Salvador and Ana Flam feared their grandson was in danger.
In August, 2-year-old Jonathan Flam had been badly beaten, and police said his mother's boyfriend was to blame. A child welfare worker had ordered Nadine Flam to keep her boyfriend away from little Jonathan.
But the Flams were convinced their daughter wasn't keeping her promise.
For weeks, the Flams hounded a child protective investigator, trying to persuade her to take the boy from his mother, they say. But the investigator refused, saying she needed proof the boy was in danger.
Finally, on Tuesday, the Flams got all the proof they needed.
Jonathan had been left with Nadine's boyfriend Monday when Nadine went to work. Hours later, the boy was taken to University Community Hospital with a skull fracture and swelling of the brain. The toddler died Tuesday after emergency surgery on his brain.
Nadine's boyfriend, Jose Antonio Cortez, 28, has been charged with first-degree murder.
"I was so angry when they told me my grandson was dead," said 48-year-old Salvador Flam. "I never thought this could happen to my blood."
"I know if the state would have done its job, this baby would be alive," said Norma Perez, a friend who helped the family communicate with state child welfare workers.
Two-year-old Jonathan Flam of Tampa became the sixth infant or toddler in Florida to die of abuse in the past two months, prompting a groundswell of concern over what has been called an epidemic of child abuse.
Gov. Lawton Chiles appointed a task force Wednesday to study Florida's beleaguered child protection system.
All six children already were being supervised by the Department of Children and Families, most because a parent or caregiver previously had been accused of abusing or neglecting the youngster.
When told of the Flam family's allegations Wednesday night, Samara Navarro, deputy chief of the department, said officials are investigating the agency's actions in protecting Jonathan.
"This case is a critical case, and we are asking and expecting to have full information on how the case was handled by Friday," Navarro said.
"This agency will not tolerate children dying at our hands," Navarro said. "Children are going to die, no matter what we do, because some people in this world are very sick. But we will not, and cannot, tolerate children dying at our hands."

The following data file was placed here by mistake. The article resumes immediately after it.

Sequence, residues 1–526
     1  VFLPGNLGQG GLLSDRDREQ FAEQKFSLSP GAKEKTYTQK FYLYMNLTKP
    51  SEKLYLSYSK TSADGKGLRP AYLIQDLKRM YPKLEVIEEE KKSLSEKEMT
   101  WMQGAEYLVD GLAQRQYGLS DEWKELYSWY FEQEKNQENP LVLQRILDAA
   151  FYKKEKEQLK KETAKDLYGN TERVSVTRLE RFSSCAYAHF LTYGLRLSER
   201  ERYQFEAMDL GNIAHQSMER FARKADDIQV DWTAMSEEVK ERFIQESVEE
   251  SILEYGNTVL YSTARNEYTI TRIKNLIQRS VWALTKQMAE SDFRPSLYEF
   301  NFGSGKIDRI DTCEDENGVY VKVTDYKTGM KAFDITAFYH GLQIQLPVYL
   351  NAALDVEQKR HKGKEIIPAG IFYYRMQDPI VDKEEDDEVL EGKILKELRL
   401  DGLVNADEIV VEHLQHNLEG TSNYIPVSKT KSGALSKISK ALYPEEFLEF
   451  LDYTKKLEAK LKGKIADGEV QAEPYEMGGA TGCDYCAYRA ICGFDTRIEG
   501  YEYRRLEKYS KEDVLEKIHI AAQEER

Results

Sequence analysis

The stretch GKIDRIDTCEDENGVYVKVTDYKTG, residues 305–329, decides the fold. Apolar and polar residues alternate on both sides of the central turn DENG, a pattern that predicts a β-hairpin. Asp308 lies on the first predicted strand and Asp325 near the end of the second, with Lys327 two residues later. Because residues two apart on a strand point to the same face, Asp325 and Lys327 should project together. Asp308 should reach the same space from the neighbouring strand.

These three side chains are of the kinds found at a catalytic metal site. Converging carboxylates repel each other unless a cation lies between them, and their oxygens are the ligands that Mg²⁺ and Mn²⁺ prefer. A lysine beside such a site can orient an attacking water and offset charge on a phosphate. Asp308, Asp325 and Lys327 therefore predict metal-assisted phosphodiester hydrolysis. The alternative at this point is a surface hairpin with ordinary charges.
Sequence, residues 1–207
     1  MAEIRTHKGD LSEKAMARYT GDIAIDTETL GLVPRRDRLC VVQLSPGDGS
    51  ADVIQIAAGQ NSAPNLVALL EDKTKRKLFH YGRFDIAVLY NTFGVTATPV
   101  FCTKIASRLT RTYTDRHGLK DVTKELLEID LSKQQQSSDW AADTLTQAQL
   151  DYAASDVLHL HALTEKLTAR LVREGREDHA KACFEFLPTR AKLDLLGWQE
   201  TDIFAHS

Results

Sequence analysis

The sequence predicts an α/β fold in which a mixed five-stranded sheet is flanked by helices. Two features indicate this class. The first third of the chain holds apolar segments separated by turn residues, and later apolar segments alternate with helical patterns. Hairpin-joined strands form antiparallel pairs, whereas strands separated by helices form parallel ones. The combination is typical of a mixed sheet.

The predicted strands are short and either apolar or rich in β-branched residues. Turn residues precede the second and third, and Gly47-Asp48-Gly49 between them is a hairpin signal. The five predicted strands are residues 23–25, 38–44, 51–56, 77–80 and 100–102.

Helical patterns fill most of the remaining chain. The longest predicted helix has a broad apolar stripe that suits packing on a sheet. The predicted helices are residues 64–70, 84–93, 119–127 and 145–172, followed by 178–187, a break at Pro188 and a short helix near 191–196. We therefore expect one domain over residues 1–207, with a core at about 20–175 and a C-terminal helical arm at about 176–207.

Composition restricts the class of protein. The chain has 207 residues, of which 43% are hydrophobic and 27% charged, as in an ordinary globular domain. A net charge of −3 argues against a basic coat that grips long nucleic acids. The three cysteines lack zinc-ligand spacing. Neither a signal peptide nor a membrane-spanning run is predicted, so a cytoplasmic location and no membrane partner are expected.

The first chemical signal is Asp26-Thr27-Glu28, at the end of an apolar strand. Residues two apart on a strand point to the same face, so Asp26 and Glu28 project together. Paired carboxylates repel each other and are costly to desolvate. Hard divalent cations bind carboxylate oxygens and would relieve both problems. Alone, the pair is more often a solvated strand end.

Nadine Flam, 24, met Jose Antonio Cortez at John Knox Village, a retirement community in Tampa, where he worked as a security guard and she served as a caregiver to a resident in the building, said Flam's brother, Aldo, 20.
In the six months they dated, Cortez was good to Nadine Flam and tried hard to win over her 2-year-old son, family members said.
It was never easy.
"The relationship between the baby and Jose was awkward because he was the new guy in her life and the baby was not used to that," said Aldo Flam.
Jose often offered to babysit Jonathan and take care of him while Nadine worked. He bought the baby clothes, diapers and toys including several teddy bears _ Jonathan's favorite.
"There didn't seem like there was anything wrong with him at first," said Aldo Flam.
But on Aug. 9, Cortez was arrested and charged with aggravated assault after the child was hospitalized with severe bruises. Nadine Flam told emergency room doctors that she had left Jonathan with her boyfriend when she went to work and that Jonathan had fallen in the bathtub and injured himself.
To make matters worse, Nadine Flam told detectives, both she and Cortez had "kneaded" Jonathan's bruises with ice in a futile attempt to make the bruises disappear, a police report states.
Perhaps it was the bruise in the shape of a handprint on Jonathan's buttocks, but detectives didn't buy the story.
The police report provides this description of Jonathan's injuries: "I observed two black eyes, a swollen forehead, bruised left ear and knots on both sides of his head. Upon further investigation I observed the child's buttocks, which were severely bruised and showing obvious finger marks."